US intel head calls for end to ‘hyperventilation’ over Russia’s alleged role in DNC hack

The Director of National Intelligence says Washington is still unsure of who might be behind the latest WikiLeaks release of hacked Democratic National Committee emails, while urging that an end be put to the “reactionary mode” blaming it all on Russia.

“We don’t know enough to ascribe motivation regardless of who it might have been,” Director of National Intelligence James Clapper said speaking at Aspen’s Security Forum in Colorado, when asked if the media was getting ahead of themselves in fingering the perpetrator of the hack.

Some 30,000 Democratic National Committee emails were released by WikiLeaks last Friday, exposing the Democratic National Committee’s bias in favor of Hillary Clinton.

After the release, Clinton’s campaign accused Russia of meddling in the 2016 election campaign. Despite lacking any proof to substantiate their claims, a number of US media outlets picked up the ball and repeated the accusations, claiming Russians had hacked into the DNC’s computer servers and leaked emails to WikiLeaks in order to help the Donald Trump campaign.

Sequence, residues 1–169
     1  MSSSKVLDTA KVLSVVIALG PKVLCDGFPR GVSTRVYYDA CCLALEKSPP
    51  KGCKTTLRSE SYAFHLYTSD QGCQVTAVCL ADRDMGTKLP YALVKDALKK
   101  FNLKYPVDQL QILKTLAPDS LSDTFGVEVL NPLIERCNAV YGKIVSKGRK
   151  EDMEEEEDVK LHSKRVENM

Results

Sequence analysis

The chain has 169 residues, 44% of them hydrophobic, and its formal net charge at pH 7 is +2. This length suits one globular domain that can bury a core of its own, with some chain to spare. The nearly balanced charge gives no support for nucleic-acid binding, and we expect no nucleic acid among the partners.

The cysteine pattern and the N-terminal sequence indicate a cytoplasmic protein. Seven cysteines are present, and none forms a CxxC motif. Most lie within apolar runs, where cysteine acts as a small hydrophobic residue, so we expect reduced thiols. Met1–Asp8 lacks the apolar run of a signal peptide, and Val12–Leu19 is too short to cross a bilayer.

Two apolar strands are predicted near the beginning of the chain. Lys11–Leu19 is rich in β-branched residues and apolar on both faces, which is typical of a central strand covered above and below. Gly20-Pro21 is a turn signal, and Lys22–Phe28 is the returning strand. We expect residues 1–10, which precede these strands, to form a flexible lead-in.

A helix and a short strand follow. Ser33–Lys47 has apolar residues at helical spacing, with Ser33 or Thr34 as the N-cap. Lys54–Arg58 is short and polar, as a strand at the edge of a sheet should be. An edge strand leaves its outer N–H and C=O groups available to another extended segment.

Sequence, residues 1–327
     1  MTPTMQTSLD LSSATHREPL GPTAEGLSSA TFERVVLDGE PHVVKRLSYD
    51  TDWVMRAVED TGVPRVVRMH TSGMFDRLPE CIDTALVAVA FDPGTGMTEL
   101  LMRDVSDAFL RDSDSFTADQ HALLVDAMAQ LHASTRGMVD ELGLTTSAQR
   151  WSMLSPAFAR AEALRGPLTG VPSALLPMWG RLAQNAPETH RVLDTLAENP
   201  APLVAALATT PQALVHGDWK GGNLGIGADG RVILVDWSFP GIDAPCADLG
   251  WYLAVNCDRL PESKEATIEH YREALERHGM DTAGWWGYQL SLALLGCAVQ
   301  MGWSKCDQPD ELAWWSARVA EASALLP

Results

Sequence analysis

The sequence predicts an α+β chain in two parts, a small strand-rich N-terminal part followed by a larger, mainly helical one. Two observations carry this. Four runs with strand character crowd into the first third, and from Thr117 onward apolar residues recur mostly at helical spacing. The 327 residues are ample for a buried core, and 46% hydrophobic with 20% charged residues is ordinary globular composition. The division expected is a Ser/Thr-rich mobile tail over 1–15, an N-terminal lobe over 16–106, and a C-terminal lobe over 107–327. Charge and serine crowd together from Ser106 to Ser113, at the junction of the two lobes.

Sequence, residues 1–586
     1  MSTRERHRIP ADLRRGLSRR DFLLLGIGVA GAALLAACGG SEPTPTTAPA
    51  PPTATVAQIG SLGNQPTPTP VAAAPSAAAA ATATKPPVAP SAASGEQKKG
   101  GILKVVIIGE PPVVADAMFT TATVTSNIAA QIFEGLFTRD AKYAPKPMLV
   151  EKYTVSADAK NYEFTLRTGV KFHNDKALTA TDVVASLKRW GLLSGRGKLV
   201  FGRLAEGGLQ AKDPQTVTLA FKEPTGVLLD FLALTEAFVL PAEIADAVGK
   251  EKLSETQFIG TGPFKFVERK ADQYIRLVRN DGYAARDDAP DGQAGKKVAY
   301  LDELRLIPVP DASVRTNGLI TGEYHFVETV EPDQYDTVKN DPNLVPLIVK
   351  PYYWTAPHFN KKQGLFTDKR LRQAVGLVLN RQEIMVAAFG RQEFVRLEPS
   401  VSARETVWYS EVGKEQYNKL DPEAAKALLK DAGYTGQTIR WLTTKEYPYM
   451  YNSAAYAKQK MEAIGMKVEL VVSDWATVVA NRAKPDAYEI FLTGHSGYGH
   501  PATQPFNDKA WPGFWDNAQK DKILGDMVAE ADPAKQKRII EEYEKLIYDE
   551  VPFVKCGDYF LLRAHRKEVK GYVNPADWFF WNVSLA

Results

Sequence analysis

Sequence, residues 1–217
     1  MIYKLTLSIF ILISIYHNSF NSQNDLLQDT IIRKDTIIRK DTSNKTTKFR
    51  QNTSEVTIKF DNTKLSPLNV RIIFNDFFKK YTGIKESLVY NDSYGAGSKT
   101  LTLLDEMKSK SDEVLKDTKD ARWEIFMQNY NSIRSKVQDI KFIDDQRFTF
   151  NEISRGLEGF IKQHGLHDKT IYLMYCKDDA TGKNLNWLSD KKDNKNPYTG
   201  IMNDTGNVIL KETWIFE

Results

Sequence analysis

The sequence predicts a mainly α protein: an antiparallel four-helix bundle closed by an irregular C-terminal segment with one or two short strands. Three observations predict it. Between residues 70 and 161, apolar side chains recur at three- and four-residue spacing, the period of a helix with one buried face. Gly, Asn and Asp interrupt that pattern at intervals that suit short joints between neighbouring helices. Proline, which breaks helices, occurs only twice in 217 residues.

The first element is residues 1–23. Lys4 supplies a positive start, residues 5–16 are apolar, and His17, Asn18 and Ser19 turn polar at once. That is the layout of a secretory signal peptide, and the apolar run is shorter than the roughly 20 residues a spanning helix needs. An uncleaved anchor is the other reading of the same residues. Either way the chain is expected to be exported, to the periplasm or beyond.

Speaking on Thursday, Clapper said that Americans need to stop blaming Russia for the hack, telling the crowd that the US has been running in “reactionary mode” when it comes to the numerous cyber-attacks the nation is continuously facing.

“I’m somewhat taken aback by the hyperventilation on this,” Clapper said.

“I’m shocked someone did some hacking,” he added sarcastically, “[as if] that’s never happened before.”

Clapper said that the US is facing a “different era,” when Americans needs to become “more resilient” to the modern challenges of extremism.

“I think we’re going to be in a state of suppression of extremism in whatever manifestation or form it takes, whether it’s al Qaeda or ISIS or some other group that’s spawned,” Clapper said. “This is going to be a long-haul proposition, and I think the same is true in the whole realm of cybersecurity.”

Clapper added that there is a growing awareness that all levels of cyber terrorism are a “profound challenge” for the US.

“I think we just need to accept that, and not be quite so excitable at yet another instance of it," he said about the recent media speculations.

Moscow dismissed the allegations of Russia’s involvement. “It is so absurd it borders on total stupidity,” said Kremlin spokesman Dmitry Peskov.